Steven Rose, Stephen Ceci and Wendy M. Williams ask whether scientists should study race and IQ (Nature 457, 786–788; 2009 and Nature 457, 788–789; 2009). The problems with such studies seem to result, as they have done since the 1930s, from the near impossibility of defining the word 'intelligence'.
The introduction of IQ tests has always seemed to be one of the best examples of the great political and social harm that can be done by the mind-boggling arrogance of scientists who think that they can sum up human abilities in a single number.
The same sort of problem exists with the present generation of bibliometrists. So far they haven't managed to inflict as much damage but, left to themselves, they will.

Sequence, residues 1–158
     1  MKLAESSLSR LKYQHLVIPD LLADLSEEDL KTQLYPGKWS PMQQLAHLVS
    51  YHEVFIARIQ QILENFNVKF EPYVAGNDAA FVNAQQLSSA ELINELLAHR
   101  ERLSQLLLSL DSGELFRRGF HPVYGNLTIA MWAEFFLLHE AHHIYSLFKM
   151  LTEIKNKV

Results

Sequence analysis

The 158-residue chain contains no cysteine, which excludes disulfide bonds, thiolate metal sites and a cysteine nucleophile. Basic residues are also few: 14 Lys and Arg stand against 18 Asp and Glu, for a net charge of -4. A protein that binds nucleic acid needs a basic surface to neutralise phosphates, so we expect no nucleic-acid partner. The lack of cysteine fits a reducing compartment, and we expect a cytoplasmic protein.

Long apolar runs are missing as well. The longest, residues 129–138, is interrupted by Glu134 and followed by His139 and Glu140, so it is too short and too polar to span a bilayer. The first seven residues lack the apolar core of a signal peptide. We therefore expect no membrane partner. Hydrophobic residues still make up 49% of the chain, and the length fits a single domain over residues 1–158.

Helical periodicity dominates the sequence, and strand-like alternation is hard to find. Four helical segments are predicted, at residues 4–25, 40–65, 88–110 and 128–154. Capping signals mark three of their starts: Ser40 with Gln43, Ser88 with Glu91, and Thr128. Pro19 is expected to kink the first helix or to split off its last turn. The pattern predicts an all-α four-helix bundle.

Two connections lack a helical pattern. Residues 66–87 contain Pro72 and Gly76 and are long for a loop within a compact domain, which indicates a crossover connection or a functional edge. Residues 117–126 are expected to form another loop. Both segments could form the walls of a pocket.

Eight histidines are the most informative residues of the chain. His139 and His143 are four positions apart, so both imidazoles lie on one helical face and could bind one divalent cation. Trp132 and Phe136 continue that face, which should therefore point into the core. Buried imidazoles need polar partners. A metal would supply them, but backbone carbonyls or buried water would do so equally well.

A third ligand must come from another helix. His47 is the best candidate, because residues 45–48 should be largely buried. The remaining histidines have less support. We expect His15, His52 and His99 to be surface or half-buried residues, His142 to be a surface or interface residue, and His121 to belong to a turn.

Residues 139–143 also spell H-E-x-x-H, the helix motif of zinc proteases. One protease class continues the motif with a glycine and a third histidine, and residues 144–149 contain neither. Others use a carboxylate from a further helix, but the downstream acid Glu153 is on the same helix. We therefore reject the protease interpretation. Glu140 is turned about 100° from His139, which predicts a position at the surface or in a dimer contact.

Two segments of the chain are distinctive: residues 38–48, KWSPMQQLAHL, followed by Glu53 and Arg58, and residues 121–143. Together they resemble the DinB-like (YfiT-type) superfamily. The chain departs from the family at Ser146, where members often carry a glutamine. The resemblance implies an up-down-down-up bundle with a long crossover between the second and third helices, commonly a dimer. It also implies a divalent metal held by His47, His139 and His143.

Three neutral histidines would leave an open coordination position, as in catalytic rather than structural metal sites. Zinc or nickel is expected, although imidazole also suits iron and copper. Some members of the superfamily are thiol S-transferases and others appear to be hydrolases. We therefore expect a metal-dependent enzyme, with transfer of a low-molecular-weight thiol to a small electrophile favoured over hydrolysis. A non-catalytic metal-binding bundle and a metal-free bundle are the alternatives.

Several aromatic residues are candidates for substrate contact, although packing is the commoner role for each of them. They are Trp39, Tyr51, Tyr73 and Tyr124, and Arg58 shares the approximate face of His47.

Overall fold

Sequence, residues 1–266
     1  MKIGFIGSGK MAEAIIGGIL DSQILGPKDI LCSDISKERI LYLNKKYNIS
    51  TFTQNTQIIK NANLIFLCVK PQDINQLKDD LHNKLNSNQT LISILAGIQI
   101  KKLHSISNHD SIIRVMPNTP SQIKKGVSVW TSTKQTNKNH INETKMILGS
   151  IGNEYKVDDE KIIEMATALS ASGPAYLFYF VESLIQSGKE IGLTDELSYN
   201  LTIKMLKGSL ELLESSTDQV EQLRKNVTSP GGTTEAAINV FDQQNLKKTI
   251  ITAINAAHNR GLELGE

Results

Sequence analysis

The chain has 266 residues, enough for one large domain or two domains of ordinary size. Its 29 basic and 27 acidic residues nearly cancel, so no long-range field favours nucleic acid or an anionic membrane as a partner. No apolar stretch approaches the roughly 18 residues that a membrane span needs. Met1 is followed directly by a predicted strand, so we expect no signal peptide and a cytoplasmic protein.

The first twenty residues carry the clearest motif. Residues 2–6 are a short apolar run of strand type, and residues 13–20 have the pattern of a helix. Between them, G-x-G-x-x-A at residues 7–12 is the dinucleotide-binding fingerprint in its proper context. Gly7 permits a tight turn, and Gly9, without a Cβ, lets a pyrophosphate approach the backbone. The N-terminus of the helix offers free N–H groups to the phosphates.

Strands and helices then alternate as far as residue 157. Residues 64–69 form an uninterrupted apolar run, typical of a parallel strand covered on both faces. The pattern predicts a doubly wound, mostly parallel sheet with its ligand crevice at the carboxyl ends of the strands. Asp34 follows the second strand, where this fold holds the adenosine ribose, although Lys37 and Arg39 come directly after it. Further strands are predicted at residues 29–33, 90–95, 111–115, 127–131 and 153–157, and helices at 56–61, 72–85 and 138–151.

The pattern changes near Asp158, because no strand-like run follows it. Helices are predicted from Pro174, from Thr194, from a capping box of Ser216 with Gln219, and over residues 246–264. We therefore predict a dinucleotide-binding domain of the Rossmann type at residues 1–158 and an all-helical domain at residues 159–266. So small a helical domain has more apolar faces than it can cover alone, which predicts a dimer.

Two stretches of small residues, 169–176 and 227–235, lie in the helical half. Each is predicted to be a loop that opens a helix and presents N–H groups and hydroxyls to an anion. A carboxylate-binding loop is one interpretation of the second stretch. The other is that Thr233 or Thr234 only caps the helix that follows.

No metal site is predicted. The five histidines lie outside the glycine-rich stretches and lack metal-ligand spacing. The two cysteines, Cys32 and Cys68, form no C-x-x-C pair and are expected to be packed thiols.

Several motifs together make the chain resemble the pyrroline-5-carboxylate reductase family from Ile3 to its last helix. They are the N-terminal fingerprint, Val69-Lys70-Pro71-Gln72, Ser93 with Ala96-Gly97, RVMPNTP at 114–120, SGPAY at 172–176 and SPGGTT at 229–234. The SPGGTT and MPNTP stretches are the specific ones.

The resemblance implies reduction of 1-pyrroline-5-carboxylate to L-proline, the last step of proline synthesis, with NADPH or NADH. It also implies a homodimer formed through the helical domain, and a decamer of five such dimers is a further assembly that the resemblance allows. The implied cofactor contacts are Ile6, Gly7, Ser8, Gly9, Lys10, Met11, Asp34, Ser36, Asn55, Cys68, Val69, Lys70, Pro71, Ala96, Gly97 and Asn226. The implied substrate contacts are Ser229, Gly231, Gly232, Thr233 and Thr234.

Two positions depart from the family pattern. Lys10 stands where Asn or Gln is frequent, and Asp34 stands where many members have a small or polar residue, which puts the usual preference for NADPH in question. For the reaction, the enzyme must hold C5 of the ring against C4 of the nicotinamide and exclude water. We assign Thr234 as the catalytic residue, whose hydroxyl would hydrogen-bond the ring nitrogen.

See also: The belief that genes cannot be changed is now outdated Identifying adaptive differences could provide insight Is poverty better explained by history of colonialism? Would you wish the research undone? Measured intelligence is a product of social processes Don't fan the flames of a dead debate A useful way to glean social information
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Colquhoun, D. The arrogance of trying to sum up abilities in a number. Nature 458, 145 (2009). https://doi.org/10.1038/458145c